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I'm looking at the Fomaspeed VARIANT paper's technical sheet. I want to learn what is the ISO speed of this film (I need this to evaluate the exposure time in a pinhole camera) - and the spec says (see second page):

Filter | Contrast grade | ISO R speed | ISO P range | Lengthening factor ~~~~~~~~~~~~~~~~~~~~~~~~~~~~~~~~~~~~~~~~~~~~~~~~~~~~~~~~~~~~~~~~~~~~~~~~ 00 | special soft | 160 | 200 | 2.4 0 | extra soft | 130 | 200 | 2.4 1 | soft | 110 | 200 | 2.4 - | special | 100 | 500 | - 2 | special | 90 | 200 | 2.4 3 | normal | 70 | 200 | 2.4 4 | hard | 60 | 100 | 2.4 5 | ultra hard | 50 | 100 | 2.4

(table drawn manually, sorry if it's messed up on the mobile device).

Question: what's the ISO rating for this film when used in a pinhole camera? What's the difference between ISO R speed and ISO P range?

Side question: what's the lengthening factor?

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ISO (R) is not a speed number, it is log exposure range required to give the full tone (that is, full density range). The higher is the ISO R number, the softer is the paper. ISO R = 160 means density range = 1.6, or log2(10^1.6) = 5.3 stops. You may see it as "paper dynamic range under standard development". ISO R is used because contrast grade is in fact different between different manufacturers. One manufacturer's 3 is the other manufacturer's 2. ISO (P) is paper speed, and it is loosely related to film speed as 1:80, that is ISO P = 160 is about the same as film speed of ISO 2..3. For multigrade paper the complication is that it changes both R and P numbers depending on the light spectrum. That is why for shooting, graded paper is preferred over the multigrade. Lengthening factor is the factor for the exposure time for the paper to reach the ISO numbers.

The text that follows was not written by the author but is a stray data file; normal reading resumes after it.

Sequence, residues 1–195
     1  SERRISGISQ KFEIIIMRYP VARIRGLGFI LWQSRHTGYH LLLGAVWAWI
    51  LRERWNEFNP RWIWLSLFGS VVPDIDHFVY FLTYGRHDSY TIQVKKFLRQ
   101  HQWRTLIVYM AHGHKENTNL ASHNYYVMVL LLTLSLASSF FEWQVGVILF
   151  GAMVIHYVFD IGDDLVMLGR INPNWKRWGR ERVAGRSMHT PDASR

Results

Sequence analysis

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    Thanks! So if, for a given scene and aperture, I'd expose an ISO 100 film for 1 second, I would need to expose ISO P 160 paper for 50 seconds? (100 / 160 * 80) – kamituel May 3 '15 at 8:01
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    @kamituel : yes, that would be a good starting point. – Iliah Borg May 3 '15 at 13:10

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